by Brittany Holst —
My Father’s Day salute starts with a stick shift (manual transmission) and after I bought my first car.
I learned to drive an automatic-transmission car in high school. Later, while in college studying communication, I decided to treat myself to something different – the experience of driving a “stick.” So I bought a car with one, with no idea of how to drive it.
Hmm! Why did I do that?
This is where fatherhood comes in.
For young boys, “Dad” is their first hero and for young girls, “Dad” is their first love. My father, Wayne, has always been an active part of my life. He took took me to a shopping center parking lot to teach me how to drive my “stick”.
I remember crying and telling him that I had made a mistake. I didn’t want the car anymore because I didn’t think I would ever figure out how to drive it.
Terrified, I stalled the car in the middle of an intersection. My Dad patiently encouraged me to keep trying. The next day, equipped with the knowledge and encouragement he provided, along with driving lessons from my Uncle Milton, I was driving my “stick shift” like a pro!
These days when I look at my husband, Zain, I can feel the love he has for our daughter, Niah. It warms my heart to see him interacting with her in the loving and caring way that he does.
A huge smile comes to my face when she runs to him with her arms extended to embrace him as he walks through the door after a long day at work. Watching them, it’s hard to tell which one is happier to see the other.
The relationship between father and child is cherished, creating lifelong memories. Attorney Tannera George-Gibson, daughter of the late Tanner M. George Sr., shares a case in point.
“My dad was one of a kind. He taught me the importance of being proud of who I am, my blackness, and being committed to serving my community.”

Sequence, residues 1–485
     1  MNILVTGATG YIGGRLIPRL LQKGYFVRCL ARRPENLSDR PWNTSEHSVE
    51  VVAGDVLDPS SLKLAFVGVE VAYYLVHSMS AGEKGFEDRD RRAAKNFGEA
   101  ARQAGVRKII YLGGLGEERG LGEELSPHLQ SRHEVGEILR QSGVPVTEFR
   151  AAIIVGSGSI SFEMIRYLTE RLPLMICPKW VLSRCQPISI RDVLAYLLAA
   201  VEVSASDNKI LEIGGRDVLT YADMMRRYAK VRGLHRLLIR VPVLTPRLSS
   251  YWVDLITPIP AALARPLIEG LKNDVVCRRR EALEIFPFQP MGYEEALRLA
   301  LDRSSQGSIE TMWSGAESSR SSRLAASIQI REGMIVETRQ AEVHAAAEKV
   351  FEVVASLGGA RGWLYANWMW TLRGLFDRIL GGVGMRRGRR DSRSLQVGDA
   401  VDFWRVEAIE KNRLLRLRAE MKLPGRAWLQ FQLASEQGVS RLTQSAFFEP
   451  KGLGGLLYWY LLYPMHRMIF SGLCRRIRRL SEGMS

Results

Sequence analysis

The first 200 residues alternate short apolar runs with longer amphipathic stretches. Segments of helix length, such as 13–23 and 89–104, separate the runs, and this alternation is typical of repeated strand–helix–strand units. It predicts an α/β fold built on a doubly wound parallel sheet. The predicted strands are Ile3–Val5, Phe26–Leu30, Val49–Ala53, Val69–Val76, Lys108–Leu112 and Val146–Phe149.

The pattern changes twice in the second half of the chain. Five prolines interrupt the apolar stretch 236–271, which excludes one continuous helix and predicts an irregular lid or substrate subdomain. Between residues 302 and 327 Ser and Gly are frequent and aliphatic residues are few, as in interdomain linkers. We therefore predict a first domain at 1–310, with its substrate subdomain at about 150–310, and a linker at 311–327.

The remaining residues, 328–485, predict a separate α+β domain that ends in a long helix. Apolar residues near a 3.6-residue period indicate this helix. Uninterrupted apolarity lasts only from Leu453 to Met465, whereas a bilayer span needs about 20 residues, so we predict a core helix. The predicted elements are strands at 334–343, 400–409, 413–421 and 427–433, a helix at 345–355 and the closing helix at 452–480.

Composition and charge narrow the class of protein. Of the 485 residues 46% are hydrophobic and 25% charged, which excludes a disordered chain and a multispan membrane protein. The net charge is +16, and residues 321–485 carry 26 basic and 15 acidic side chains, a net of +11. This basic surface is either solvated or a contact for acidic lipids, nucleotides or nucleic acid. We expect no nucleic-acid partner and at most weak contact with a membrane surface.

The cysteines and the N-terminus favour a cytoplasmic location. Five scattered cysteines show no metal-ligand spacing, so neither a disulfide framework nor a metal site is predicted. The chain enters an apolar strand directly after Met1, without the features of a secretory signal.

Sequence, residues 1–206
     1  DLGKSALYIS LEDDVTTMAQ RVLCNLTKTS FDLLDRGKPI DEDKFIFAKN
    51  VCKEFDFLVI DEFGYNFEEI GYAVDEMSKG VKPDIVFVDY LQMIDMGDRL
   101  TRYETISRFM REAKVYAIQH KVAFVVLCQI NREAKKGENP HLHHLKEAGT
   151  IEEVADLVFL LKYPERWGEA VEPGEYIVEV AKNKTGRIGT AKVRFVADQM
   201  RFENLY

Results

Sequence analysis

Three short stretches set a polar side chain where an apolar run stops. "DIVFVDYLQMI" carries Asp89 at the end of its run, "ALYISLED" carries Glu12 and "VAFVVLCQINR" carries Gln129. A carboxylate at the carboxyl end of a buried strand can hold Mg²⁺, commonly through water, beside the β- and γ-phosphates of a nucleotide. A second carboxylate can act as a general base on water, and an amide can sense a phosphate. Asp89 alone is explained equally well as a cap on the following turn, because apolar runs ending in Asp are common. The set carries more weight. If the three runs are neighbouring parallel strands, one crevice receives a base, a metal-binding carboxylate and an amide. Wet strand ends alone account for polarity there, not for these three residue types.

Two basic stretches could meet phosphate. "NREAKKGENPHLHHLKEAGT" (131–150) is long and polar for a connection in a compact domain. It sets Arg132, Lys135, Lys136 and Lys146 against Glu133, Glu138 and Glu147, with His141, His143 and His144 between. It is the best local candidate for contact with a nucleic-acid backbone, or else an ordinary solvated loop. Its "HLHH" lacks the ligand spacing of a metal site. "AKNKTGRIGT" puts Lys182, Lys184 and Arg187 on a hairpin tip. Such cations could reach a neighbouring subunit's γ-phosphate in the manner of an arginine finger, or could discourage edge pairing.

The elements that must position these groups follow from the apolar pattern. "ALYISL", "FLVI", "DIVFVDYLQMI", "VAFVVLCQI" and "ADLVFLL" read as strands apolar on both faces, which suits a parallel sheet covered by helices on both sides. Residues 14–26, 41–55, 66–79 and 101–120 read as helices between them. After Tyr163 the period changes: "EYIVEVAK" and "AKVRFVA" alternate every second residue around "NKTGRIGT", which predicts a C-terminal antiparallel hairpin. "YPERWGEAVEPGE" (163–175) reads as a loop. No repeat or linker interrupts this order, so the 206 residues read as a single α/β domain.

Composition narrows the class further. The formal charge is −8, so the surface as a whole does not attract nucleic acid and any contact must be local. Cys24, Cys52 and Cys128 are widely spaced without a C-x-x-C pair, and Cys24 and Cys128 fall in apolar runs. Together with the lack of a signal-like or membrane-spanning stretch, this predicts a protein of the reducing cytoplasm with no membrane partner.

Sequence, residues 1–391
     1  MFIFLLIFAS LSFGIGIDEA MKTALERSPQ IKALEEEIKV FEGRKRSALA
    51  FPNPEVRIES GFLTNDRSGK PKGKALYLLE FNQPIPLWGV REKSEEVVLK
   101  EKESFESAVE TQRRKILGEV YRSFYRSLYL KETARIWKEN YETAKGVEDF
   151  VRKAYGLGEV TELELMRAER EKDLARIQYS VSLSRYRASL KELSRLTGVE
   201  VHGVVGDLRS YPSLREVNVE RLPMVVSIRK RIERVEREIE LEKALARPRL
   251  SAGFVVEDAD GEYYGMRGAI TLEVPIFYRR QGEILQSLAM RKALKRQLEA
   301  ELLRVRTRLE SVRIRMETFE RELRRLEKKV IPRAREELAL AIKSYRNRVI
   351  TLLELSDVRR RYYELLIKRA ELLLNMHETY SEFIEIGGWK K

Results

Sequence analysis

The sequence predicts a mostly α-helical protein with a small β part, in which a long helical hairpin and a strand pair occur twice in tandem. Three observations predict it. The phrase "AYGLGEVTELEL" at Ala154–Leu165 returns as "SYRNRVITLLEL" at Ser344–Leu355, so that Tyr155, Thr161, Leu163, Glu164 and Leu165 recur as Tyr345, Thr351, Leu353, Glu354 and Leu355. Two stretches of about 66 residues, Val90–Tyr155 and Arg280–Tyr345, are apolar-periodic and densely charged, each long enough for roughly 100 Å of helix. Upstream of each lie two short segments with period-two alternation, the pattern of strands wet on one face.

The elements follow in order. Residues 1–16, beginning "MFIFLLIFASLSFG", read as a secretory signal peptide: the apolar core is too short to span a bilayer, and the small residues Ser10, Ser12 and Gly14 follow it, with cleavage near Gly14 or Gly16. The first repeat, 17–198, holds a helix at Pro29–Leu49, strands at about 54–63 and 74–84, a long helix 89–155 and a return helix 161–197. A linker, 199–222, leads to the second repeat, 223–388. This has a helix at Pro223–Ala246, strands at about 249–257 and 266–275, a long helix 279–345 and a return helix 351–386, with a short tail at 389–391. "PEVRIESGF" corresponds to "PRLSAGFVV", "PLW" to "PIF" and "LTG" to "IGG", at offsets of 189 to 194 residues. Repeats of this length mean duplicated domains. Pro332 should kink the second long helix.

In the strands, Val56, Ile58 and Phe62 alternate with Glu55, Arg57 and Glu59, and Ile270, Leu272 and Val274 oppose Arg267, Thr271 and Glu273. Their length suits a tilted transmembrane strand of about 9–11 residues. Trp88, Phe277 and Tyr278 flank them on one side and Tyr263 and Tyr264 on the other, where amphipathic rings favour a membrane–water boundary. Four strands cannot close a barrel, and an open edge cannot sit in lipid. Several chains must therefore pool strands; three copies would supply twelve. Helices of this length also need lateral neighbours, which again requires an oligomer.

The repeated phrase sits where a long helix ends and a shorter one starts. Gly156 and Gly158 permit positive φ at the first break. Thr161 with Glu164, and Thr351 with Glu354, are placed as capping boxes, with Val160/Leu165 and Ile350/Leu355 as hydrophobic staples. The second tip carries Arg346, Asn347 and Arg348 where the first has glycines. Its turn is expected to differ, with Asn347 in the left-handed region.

George, who died three years ago at 78, was a “community father.” In 2012, he published a book titled “The Inner City Progress Initiative© (ICPI),” described by the publisher as “a comprehensive plan that is designed to help inner city residents achieve social and economic progress.” The “About the Author” segment paints this picture:
“Tanner M. George, Sr. has long anguished over the lack of economics in the inner Cities of America. From teen pregnancy to gangs, AIDS, gun proliferation and no jobs, the absence of economics has played a dominant role in creating and perpetuating the dire state of millions of persons who reside in American Cities. Tanner is convinced that inner City residents desperately want to see their neighborhoods and communities make progress.
“According to Tanner George, the ‘inner City man’ is both the culprit and the victim in the sad saga that is played out daily. This is where Tanner has concentrated much of the ‘Inner City Progress Initiative’s’ effort. He feels that if the man is whole, many inner Cities’ problems will be waylaid and repaired by dad, husband, breadwinner, and community contributor.”
Growing up, George-Gibson remembers her DAD saying, “family is all that really matters in this world.” She and her eight siblings maintain that value and pass it on to their own children.
“And, at the end of the day, he taught us that you should always be able to laugh at yourself – never taking yourself too seriously,” she said.
“And that no matter what happens, in the midst of it all, you always have to smile.”
Today, fathers, we celebrate you for all your positives!
Thank you for being role models, grill masters and the teachers of bike riding, car driving and life lessons.
Thank you for teaching sons to be men and showing daughters how they should be treated by men and what love feels like.
Thanks for being pillars of strength, patience and wisdom.
Whether you are an adoptive dad, a biological dad, stepdad, godfather or an uncle who looks at a child as your own, you are an important factor in the child’s life.
Happy Father’s Day and thanks for being the source of the joy I/we get out of it!
(Brittany Jackson was part of the first corps of iTeen reporters for The New Tri-State Defender. Now as Brittany Holst, her iMom column is a periodic look at motherhood through millennial eyes.)